Ambitious new Oxfordshire partnership is breaking new ground in local government

Residents in Oxfordshire are already benefiting from the impact of an ambitious and innovative new partnership between two councils - with plans being explored to develop closer working over coming months.

Cherwell District Council and Oxfordshire County Council set up a joint working partnership in October 2018 – it is one of a very small number of examples of a district and county council sharing staff and services in the whole of the country.

The county council’s cabinet will be asked to approve the continuation of the partnership at its meeting on April 23.

National interest in the partnership

Assistant Chief Executive Claire Taylor said: “It’s fair to say that the ambition and extent of our joint working is genuinely breaking new ground. There are very few examples of a district and a county council working together and none to the degree that we are. People in central and local government throughout the country are monitoring how our project is developing.

“Cherwell District Council has a track record for innovation in housing and regeneration and Oxfordshire County Council has a proven history of attracting infrastructure funding linked to housing to improve our transport network and other essential public services. Our ambition is to maximise those skills, resources and national funding to make the housing and economic growth planned for our county work to the benefit of everyone in our towns and villages.

“The way we manage this growth can only benefit from ever closer working between our two councils and act as a way of piloting and developing new approaches between counties and districts both here in Oxfordshire and elsewhere in England. Ever closer working will also save money as well as providing more joined up services for our residents.”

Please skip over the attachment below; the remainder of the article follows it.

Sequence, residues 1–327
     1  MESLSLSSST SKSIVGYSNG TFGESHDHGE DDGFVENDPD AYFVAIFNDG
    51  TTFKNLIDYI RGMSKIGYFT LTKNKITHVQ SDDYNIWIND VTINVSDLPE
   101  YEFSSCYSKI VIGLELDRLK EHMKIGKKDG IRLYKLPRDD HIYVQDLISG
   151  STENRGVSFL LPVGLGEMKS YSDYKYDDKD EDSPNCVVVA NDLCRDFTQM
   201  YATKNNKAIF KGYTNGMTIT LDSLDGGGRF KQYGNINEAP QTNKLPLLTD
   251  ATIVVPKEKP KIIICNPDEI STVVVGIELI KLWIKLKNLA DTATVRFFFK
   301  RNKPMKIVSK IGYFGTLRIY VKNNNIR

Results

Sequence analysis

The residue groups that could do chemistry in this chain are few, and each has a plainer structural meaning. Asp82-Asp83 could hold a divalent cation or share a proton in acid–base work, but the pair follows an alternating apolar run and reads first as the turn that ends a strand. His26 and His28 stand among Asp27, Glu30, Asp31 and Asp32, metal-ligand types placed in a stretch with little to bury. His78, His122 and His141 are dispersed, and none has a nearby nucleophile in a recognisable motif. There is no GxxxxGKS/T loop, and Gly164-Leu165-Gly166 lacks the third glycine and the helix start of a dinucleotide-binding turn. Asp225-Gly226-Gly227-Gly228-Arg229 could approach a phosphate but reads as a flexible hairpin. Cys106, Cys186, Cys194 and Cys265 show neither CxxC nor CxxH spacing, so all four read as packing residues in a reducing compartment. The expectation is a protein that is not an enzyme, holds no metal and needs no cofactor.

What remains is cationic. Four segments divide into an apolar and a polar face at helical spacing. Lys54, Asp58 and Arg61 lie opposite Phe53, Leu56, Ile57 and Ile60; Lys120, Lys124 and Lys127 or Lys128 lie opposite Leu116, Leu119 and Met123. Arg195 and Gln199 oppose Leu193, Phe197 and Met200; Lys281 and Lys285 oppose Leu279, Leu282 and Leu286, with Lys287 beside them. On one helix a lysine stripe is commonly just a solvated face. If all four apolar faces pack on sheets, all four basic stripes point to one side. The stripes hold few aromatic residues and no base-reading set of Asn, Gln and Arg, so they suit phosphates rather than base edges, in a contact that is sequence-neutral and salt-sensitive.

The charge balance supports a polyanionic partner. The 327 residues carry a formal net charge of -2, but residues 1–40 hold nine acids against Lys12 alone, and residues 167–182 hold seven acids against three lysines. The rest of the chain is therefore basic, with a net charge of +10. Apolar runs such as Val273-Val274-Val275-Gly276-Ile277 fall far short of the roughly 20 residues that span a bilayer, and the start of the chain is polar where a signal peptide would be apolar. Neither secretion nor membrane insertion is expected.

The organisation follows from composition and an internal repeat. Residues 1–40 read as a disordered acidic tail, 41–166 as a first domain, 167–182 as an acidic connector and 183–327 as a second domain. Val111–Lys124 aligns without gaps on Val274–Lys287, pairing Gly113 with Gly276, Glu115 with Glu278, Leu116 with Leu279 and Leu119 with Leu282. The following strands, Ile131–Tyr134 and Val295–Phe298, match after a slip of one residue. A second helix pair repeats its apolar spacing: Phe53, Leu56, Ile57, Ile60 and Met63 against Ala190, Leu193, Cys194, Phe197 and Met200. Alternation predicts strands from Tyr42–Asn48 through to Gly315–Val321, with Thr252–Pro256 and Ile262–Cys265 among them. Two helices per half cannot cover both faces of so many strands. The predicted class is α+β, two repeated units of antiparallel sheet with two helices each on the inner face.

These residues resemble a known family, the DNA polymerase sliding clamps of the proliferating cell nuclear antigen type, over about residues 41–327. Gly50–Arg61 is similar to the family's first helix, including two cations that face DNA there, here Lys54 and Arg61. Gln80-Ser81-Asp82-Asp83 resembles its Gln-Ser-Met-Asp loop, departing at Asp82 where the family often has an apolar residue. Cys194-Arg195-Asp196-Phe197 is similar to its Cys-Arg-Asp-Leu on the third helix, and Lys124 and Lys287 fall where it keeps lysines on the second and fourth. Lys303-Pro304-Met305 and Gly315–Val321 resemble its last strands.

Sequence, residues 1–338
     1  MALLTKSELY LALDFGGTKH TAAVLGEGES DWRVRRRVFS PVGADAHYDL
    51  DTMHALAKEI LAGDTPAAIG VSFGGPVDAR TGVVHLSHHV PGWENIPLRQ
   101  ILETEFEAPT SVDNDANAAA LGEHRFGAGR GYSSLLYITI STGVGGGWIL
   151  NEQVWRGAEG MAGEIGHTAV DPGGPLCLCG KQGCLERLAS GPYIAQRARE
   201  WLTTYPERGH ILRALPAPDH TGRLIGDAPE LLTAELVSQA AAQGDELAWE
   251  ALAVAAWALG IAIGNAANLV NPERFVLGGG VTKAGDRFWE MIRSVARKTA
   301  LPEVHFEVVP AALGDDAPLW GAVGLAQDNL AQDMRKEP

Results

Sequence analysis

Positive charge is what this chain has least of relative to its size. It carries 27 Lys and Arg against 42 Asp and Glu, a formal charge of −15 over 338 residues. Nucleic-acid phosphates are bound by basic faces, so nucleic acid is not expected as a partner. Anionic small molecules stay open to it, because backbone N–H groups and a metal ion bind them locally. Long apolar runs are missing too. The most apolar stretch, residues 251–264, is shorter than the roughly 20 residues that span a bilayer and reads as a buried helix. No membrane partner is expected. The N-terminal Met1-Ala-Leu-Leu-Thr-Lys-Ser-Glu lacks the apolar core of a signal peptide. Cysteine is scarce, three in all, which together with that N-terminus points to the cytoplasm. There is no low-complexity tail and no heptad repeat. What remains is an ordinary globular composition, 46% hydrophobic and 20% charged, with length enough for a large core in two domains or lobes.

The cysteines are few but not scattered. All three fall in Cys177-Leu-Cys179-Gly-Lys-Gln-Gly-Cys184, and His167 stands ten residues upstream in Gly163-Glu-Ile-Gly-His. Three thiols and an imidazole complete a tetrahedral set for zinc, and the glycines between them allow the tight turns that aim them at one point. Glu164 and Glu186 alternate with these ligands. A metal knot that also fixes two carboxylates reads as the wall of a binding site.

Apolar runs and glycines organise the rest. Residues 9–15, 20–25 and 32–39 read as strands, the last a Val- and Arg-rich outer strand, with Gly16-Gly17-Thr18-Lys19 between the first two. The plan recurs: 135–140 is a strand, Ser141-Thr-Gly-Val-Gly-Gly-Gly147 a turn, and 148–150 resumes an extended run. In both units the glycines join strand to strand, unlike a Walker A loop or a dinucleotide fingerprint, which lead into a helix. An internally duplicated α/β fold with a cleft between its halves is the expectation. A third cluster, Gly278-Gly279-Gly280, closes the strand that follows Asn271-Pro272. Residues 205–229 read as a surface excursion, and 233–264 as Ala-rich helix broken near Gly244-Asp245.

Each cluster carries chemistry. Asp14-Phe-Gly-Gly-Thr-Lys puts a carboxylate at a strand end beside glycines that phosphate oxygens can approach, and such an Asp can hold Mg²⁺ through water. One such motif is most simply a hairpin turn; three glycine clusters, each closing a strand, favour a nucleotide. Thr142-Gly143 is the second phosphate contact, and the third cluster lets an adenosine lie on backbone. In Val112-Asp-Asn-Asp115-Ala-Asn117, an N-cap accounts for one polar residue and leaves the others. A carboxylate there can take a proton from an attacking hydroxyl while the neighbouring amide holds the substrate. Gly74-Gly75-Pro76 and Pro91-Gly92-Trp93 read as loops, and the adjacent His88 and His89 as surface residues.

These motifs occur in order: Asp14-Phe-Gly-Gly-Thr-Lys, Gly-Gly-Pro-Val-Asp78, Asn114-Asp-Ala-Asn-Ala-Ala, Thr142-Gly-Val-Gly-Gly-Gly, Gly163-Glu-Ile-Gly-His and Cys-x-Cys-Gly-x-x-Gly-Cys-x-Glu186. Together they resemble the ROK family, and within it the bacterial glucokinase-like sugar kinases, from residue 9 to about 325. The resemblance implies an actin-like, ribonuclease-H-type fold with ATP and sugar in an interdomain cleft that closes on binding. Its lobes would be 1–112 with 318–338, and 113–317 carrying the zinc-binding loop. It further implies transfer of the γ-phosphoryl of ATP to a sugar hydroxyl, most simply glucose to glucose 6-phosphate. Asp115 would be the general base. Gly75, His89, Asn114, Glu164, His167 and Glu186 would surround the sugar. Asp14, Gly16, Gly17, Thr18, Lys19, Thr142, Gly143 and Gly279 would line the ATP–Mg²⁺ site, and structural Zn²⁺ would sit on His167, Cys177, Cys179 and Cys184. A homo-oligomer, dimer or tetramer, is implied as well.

How have the two councils been working together since October?

The two councils now have several joint senior managers:

  • A joint chief executive,
  • A shared Assistant Director for regulatory services and public protection (trading standards, environmental health etc),
  • A shared Assistant Director to lead Housing and Commissioning
  • A shared lead officer for HR.
  • A shared Director for Law and Governance

The councils also have an interim shared Assistant Chief Executive.

These changes mean that senior management costs are driven down through joint working – meaning that capacity is retained in the county whilst running costs are reduced.

County council staff are now regularly trained and able to locate themselves at Cherwell District Council’s Bodicote House near Banbury.

What is being explored for future co-operation?

Business cases are being developed for sharing services across the two councils in law and governance, finance, HR, communications, policy, consultation, research and business intelligence and regulatory services, such as trading standards and community safety and public protection such as fire and rescue and emergency planning.

The councils are at the early stages of looking at how services might collaborate and align in areas such as ICT, children’s social care and housing.

Claire Taylor added: “Undoubtedly these are fascinating times as we chart a way forward and break new ground with a project that has a real national significance.

“Many parts of England retain a two-tier structure of local government with district and county councils. Districts are close to communities and able to respond and focus at a very local level. Meanwhile county councils deliver strategic services on a larger scale - such as social care, highways and trading standards. There is huge potential in combining these two different approaches into a closer partnership and we believe the results will be powerful.

“Our ambition is to trigger a broader conversation throughout the country - via our own example here in Oxfordshire - about how the councils and other public bodies can work better together. We all face the same challenges and we serve the same residents - so collaboration makes good sense. It is our experience so far is that real tangible improvements can be delivered to the benefit of our residents, both as taxpayers and service-users.”